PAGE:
When editing in software like Final Cut Pro or Adobe Premiere Pro, you'll need to be familiar w/ the two programs they include for encoding and compressing video files. Compressor comes bundled w/ Final Cut and Adobe Media encoder comes w/ - you guessed it genius: Adobe Premiere! Both of these pieces of software do pretty much the same thing, but the workflow and settings you'll use very slightly from one to the other.
If your using Final Cut Pro remember, there are a couple different ways to get your final timeline exported, into Compressor and then compressed for Youtube or Vimeo - here's the way we recommend doing it: First, set in and out points on your timeline. Then go to File > Export Quicktime Movie and make sure to export a self contained .mov file that has the same settings as your sequence. Now, open Compressor and either click Add File and navigate to the .mov you just exported or simply drag that same file into Compressor - you should now see it in the Preview window. The next step is just as simple: Go to the Settings window (if you don't see it, just select it under the Windows drop down menu) and open up the Web folder under Other Workflows. Towards the bottom, you should see a setting called Youtube Sharing - just drag that up to where it says "Drag Settings and Destination Here" - pretty simple right!?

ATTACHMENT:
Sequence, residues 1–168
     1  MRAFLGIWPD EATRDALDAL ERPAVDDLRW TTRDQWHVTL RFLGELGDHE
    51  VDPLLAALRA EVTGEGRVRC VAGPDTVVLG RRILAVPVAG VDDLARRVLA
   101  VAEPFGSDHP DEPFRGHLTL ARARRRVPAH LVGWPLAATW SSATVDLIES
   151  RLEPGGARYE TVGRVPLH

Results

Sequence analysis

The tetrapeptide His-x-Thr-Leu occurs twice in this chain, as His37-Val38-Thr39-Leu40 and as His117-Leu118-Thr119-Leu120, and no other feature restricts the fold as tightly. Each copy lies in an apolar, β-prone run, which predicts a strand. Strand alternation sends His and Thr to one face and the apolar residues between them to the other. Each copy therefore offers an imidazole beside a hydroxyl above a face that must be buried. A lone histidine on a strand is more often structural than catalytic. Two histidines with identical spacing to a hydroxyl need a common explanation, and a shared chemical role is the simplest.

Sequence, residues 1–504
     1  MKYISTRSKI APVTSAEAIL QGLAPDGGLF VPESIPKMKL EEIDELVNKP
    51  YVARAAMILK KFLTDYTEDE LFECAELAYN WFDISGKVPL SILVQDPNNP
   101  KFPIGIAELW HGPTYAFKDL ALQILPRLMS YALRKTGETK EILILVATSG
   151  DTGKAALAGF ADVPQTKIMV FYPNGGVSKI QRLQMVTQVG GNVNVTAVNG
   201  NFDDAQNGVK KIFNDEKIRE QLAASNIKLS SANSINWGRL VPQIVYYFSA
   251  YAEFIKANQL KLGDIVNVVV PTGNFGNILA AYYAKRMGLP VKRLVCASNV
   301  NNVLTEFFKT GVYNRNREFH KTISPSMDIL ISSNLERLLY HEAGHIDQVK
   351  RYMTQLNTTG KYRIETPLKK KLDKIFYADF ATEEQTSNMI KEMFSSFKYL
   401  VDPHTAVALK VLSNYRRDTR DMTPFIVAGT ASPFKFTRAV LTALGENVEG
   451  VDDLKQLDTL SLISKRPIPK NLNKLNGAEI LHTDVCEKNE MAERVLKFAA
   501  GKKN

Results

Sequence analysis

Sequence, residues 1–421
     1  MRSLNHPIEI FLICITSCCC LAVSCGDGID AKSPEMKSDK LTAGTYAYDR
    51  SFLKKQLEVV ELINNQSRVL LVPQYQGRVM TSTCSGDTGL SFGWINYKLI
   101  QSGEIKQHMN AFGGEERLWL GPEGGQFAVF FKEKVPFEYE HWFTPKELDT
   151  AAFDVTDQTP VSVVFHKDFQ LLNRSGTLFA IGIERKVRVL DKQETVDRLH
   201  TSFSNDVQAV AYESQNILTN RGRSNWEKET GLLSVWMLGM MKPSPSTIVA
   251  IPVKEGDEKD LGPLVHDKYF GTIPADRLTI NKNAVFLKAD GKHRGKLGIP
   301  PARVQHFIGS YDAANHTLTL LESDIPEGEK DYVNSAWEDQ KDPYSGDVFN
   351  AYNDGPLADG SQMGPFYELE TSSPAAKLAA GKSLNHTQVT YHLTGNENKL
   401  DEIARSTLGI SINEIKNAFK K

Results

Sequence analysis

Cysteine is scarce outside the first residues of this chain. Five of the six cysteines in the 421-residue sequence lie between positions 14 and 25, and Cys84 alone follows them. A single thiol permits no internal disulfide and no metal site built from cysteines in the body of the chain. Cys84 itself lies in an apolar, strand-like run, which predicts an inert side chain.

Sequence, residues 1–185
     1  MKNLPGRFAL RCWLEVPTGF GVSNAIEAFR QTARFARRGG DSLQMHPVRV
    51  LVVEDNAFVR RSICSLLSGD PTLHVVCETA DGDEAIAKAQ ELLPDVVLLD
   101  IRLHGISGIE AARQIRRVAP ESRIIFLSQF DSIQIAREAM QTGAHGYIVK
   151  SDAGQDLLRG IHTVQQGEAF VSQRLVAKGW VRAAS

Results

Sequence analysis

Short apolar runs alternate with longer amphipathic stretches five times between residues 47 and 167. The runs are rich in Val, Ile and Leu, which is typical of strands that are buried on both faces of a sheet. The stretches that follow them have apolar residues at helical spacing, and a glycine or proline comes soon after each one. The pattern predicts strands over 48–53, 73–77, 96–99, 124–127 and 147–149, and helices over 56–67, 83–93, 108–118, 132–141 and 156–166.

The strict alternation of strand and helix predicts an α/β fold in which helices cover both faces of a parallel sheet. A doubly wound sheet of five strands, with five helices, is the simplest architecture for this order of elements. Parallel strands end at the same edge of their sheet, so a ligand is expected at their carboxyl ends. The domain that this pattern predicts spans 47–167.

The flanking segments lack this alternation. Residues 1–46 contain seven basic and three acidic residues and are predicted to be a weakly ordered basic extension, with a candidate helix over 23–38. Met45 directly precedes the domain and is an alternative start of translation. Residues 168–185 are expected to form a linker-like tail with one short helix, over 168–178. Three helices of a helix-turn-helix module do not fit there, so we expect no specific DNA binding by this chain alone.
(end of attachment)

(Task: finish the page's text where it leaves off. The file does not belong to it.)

Now to keep things REALLY simple, we're going to keep the destination for your compressed file the same as the source - meaning, that your compressed version will end up wherever the full resolution copy you exported from FCP resides. Now just hit submit and submit again and your video will start compressing. Now just sit back pet your toy chihuaha dog and give him... or her a delicious treat and when Compressor finishes doing it's thing, you'll have a file optimized for Youtube and Vimeo.
When you finish your edit in Adobe Premiere, the first thing you want to do is pull up the export window. You can do this by hitting command E. From there you'll have all different kinds of options like export entire sequence, sequence in and out, work area, and custom. Select the one that is appropriate for you and then hit the "Que" button to send your selection to Media Encoder. From there, on the right scroll down through the different presets in Web Video and choose either the YouTube or Vimeo setting that matches the resolution of your source footage. Once you've selected the appropriate setting, drag it over to the left. You will then see 2 different export settings associated with your export. You can delete the preset from Premiere and keep the settings you just placed there. Then, click where it says output to name and set the location of where you want your file to go. Now, simply push the play button and viola - your time-lapse of your Grandma's bird feeder will be ready in no time!
Knowing how to use the right settings when exporting your video will not only render the best quality version for the internet, it also creates the illusion that you know what you're doing. Always remember, if you know what you're doing on the technical side, it will ultimately help you on the creative side. At least so I've heard - I personally have no clue what I'm doing at all…Speaking of creative, it would be great if you create a comment below and hit the subscribe button so we can creatively create more creative ways to create videos for you…?